Answer to Games Trainers Play

While writing a comment to a Blog Post of Abhijit Bhaduri on Games Trainers Play my comment become so big that it was a size of blog post.
Here is content paste of it.


In today’s era the average attention span you can hold onto people has reduced to 7 minutes (studies done in classrooms) thanks to smart phones. People will a switch off from any topic even if it is interesting when it goes beyond 15 minutes (studies done on MOOC and its audience). We are living in the world of pop-art-culture where we need marquee stuff (moving and popping stuff) happening around us to catch our engagement and attention thanks to TV and Internet. We literally have to beg to people to give us TUDA – Total UnDivided attention. Hence in my view fun and frolic way is best way of teaching and training.


I once did an experiment with my students. I detest trainers who are nothing but ball of pep-talk they jump and dance throughout the training. After the effect of pep-talk wears off people usually are weary and are not able to cope up with the grunge of work and life, they sabotage themselves for not able to imbibe new learning or curse the trainer for brainwashing them and showing them rosy picture within the closed doors of the seminar room uninterrupted by the world.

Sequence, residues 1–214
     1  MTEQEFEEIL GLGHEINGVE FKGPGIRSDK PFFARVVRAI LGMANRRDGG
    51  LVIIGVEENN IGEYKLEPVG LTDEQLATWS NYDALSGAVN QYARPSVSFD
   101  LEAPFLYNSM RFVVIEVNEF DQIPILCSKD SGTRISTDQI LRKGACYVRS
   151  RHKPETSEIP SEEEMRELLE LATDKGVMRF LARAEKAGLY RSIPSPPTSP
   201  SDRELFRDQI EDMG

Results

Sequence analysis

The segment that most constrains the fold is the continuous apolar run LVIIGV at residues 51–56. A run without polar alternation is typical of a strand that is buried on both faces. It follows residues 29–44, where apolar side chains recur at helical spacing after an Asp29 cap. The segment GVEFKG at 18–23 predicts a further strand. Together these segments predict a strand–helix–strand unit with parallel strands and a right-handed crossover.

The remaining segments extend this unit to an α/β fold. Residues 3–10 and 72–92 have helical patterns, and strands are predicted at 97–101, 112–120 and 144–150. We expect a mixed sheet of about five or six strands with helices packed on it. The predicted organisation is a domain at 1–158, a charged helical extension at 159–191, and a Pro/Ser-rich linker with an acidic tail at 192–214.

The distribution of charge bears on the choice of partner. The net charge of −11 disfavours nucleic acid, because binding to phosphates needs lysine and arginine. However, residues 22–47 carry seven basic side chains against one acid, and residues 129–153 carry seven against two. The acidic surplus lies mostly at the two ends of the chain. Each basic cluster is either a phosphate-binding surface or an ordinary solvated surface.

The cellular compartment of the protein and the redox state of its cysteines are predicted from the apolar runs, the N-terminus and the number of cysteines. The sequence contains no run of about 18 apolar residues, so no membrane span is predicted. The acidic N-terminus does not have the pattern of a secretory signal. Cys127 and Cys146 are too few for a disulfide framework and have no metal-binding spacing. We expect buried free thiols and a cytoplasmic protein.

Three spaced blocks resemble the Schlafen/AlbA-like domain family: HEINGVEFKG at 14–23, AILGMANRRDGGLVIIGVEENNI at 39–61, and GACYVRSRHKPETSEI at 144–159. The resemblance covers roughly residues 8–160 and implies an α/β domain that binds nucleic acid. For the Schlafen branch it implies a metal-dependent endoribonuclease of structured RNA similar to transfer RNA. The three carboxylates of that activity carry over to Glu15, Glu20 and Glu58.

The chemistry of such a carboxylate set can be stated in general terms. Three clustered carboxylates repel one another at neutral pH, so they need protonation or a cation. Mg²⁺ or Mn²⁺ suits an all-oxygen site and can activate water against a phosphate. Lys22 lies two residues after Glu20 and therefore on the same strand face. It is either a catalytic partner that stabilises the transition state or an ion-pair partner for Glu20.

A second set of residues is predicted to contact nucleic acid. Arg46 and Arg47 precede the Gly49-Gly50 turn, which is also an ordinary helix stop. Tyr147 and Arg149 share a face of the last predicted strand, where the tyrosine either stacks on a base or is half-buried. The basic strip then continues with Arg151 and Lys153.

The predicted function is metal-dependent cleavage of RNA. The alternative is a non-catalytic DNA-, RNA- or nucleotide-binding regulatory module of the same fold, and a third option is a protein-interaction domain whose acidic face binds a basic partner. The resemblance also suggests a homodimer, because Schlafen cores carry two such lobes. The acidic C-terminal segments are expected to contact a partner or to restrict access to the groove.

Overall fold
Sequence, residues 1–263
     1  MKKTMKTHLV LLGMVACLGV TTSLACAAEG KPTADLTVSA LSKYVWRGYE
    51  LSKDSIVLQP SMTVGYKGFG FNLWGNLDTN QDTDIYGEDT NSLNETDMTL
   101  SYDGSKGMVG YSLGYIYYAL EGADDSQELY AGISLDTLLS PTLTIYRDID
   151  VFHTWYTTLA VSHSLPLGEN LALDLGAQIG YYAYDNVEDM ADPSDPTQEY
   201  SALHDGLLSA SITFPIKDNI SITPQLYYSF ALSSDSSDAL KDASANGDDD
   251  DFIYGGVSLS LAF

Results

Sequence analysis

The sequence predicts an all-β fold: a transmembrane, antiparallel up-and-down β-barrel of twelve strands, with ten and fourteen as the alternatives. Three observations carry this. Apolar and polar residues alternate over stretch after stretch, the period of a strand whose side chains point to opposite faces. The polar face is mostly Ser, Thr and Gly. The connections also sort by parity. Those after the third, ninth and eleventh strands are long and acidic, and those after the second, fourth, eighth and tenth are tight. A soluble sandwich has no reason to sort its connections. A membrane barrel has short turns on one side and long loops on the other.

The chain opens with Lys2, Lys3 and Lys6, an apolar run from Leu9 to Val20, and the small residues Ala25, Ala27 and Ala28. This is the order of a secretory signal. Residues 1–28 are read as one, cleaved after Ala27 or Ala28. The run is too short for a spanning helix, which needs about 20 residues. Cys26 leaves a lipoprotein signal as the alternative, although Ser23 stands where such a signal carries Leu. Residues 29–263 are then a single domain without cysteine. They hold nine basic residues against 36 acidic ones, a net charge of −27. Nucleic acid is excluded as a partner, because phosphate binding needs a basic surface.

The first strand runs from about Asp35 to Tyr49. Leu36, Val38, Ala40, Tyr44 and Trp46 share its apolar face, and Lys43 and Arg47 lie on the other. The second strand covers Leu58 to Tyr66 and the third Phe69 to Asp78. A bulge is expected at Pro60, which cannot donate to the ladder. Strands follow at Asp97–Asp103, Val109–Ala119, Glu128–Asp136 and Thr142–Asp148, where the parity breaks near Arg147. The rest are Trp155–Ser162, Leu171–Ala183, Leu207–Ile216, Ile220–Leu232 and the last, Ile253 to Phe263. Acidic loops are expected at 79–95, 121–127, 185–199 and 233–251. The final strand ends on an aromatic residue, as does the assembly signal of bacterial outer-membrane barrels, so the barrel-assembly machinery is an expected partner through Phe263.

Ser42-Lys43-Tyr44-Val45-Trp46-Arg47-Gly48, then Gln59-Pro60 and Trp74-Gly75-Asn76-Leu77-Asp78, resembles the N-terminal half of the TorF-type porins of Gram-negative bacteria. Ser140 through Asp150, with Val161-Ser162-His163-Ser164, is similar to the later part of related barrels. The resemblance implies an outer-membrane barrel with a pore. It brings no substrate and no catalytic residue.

My experiment was simple, abstain from any form of pep-talk be straight face and give directly the nuggets of knowledge, concept, skills and experience. At the end of the session I realized that I failed, People were gloomy and were least enthusiastic even after getting the most power packed value learning. Learning lesson for me was, I need to be warm, motivated and inspired and be little pep-up. It’s essential glue needed for training.


Problem with reflective learning is it’s a single window of line of thought from which there is always possibility of branching and swaying away. You can slip from reflection introspection to mulling over and eventually landing up into a fantasy land of day dreaming and from that fantasy land no HR, manager or supervisor can possibly get you out. Further more you can’t really be sure if you have got the learning from introspection and quantifying it is next to impossible.


Reflective cognitive tools like journal and diary are not always applicable in all the cases. For example a batsman needs to peg the learning of what do and how to draw the bat every time a unique delivery of ball is made. He can’t use any gadgets, apps, or pen or paper he needs to register it in his muscle memory etc. Similarly a high level manager seldom stays on single computer screen or mobile screen or on a page of a report for long time. Instead he starts developing skills of intuition, reading between lines, gauging market, and assessing intention of people by looking in their eyes etc.

(image courtesy from Abhijit Bhaduri)